After yesterday's "Kirtland's madness" it was hard to see that I could get a better send off. Today, I flew out of Ohio, for a bizarre and long journey back home, (Cleveland-Las Vegas-Los Angeles-Miami-Quito!) However, with winds shaping the migration scene at Magee, and with very favourable conditions overnight, rather than sleep in before my marathon journey home, I was up and out early. I just had to have one more session in the field. After all, this was to be my final fling of the spring, until next year. I always leave with sadness at this, I simply love the ebb and flow of migration, and today was all about a significant flow.
We (Scott Watson and I), arrived to see hordes of Blue Jays migrating overhead, (an under-appreciated migration phenomenon), and regular flocks of Cedar Waxwings (which had been near non-existent this spring at Magee until today) passing over too, with the odd party of Pine Siskins dropping in too. We had not left the parking lot and it was looking good. On top of that there were significant bursts of warbler song creating quite the dawn chorus, indicating that a new batch were in. After all, the singing Blackpolls were not around the day before. I had precious little time, and made precious little progress along the boardwalk but managed to find Chestnut-sided Warbler, Yellow-billed Cuckoo, Prothonotary Warbler, Veery and absolutely loads of male American Redstarts which seemed to decorate every nook and cranny along the Magee boardwalk. I even managed to luck in on a male Mourning Warbler, if only briefly. My final bird of the spring was to be a classic one: Canada Warbler, of which I had seen very few this year, let alone photographed.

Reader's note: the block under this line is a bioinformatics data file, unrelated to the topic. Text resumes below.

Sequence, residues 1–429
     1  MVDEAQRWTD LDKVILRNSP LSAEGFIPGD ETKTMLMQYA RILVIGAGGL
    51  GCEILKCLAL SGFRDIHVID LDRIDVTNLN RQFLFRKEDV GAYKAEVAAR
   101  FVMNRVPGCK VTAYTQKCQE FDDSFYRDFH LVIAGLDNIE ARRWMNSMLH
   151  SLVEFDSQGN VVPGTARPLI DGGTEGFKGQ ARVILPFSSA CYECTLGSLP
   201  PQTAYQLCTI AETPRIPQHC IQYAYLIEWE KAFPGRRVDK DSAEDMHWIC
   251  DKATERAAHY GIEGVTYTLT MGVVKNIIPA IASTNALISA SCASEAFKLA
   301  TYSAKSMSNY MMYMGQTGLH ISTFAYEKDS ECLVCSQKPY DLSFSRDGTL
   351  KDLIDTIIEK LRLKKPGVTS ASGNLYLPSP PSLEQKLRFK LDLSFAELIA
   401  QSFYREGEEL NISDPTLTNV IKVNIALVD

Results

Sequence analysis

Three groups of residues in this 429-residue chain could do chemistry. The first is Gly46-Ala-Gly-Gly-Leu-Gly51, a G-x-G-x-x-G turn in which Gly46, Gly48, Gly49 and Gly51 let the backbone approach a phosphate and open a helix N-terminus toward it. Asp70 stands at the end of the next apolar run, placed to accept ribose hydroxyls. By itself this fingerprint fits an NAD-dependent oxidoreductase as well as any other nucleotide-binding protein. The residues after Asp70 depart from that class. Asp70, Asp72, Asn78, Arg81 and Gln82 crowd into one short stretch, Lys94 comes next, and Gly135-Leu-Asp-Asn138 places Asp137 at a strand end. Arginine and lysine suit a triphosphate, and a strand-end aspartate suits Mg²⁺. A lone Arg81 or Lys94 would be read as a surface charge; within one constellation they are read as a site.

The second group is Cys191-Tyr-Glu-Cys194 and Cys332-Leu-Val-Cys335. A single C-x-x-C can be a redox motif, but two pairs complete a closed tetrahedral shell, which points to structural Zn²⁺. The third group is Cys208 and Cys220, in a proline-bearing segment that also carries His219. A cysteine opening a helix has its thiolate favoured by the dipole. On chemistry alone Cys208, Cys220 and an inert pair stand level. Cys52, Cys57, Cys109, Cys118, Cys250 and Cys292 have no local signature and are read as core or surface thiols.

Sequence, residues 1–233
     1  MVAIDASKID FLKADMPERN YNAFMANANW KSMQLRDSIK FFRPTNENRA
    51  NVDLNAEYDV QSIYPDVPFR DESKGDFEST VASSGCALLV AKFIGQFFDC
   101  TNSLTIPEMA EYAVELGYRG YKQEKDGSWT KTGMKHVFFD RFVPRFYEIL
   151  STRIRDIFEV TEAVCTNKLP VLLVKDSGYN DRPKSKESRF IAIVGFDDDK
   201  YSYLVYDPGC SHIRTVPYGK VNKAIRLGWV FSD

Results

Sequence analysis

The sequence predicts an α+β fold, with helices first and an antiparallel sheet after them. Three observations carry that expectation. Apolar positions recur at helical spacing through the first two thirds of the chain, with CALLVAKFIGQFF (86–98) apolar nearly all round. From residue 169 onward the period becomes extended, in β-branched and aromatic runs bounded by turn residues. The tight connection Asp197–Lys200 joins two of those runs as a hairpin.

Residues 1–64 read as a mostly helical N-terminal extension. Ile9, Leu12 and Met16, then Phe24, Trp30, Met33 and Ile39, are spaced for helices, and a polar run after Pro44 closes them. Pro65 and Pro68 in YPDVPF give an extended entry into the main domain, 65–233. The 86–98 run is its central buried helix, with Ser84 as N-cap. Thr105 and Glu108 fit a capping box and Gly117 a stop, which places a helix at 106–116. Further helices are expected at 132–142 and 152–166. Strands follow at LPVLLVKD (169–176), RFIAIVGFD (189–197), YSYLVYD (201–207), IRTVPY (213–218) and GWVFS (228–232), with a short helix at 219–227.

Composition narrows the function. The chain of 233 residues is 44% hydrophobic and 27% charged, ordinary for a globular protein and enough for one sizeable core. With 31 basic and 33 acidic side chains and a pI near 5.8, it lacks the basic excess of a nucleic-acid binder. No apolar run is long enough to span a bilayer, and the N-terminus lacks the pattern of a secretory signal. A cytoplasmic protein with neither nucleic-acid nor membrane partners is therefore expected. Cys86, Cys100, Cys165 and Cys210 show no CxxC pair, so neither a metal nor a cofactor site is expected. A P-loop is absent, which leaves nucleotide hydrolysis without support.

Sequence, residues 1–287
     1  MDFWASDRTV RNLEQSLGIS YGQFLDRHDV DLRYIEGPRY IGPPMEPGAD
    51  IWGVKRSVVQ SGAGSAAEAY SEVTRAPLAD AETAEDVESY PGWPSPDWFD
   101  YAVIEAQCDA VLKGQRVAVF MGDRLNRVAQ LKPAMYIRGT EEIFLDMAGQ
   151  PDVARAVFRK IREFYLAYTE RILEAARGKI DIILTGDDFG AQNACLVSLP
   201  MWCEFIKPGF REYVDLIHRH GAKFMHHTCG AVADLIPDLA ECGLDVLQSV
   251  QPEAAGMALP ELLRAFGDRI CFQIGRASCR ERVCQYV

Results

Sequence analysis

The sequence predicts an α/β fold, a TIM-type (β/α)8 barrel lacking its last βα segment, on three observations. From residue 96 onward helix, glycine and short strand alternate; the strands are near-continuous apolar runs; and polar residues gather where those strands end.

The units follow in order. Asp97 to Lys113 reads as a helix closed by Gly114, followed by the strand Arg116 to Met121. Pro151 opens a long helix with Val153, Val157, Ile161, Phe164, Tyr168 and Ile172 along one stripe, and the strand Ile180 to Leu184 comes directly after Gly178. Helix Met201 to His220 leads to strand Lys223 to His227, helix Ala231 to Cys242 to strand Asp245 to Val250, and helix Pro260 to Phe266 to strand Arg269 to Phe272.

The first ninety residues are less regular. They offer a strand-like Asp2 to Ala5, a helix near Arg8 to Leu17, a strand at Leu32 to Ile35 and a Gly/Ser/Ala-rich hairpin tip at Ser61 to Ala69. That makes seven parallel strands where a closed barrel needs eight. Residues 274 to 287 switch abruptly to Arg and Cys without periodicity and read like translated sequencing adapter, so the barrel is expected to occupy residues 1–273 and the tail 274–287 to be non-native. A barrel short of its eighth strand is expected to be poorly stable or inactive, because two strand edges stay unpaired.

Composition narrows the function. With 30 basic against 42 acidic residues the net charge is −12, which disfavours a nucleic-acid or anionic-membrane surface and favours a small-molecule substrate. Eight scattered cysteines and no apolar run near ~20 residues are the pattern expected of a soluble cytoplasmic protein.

This supremely tame male singing Canada provided the ultimate send-off, and I headed for the airport with a spring in my step, with my mind even now already turning towards the (very different) warblers of China, which I will be headed for next week!